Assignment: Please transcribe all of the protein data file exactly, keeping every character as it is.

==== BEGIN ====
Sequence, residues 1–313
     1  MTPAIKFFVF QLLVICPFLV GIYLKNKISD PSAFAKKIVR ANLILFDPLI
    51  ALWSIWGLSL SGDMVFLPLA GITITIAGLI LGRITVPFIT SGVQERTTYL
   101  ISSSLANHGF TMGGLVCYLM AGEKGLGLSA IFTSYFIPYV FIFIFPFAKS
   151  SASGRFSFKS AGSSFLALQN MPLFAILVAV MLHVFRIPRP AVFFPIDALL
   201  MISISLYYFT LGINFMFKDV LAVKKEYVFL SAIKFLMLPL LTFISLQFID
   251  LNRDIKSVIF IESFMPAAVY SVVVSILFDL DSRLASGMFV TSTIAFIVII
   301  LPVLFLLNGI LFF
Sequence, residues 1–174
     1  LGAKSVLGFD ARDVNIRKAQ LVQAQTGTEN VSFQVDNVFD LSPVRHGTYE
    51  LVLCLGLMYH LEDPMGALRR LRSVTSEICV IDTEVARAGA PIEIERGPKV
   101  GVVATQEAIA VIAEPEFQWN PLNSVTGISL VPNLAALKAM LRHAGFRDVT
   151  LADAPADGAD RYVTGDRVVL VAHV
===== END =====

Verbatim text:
Sequence, residues 1–313
     1  MTPAIKFFVF QLLVICPFLV GIYLKNKISD PSAFAKKIVR ANLILFDPLI
    51  ALWSIWGLSL SGDMVFLPLA GITITIAGLI LGRITVPFIT SGVQERTTYL
   101  ISSSLANHGF TMGGLVCYLM AGEKGLGLSA IFTSYFIPYV FIFIFPFAKS
   151  SASGRFSFKS AGSSFLALQN MPLFAILVAV MLHVFRIPRP AVFFPIDALL
   201  MISISLYYFT LGINFMFKDV LAVKKEYVFL SAIKFLMLPL LTFISLQFID
   251  LNRDIKSVIF IESFMPAAVY SVVVSILFDL DSRLASGMFV TSTIAFIVII
   301  LPVLFLLNGI LFF
Sequence, residues 1–174
     1  LGAKSVLGFD ARDVNIRKAQ LVQAQTGTEN VSFQVDNVFD LSPVRHGTYE
    51  LVLCLGLMYH LEDPMGALRR LRSVTSEICV IDTEVARAGA PIEIERGPKV
   101  GVVATQEAIA VIAEPEFQWN PLNSVTGISL VPNLAALKAM LRHAGFRDVT
   151  LADAPADGAD RYVTGDRVVL VAHV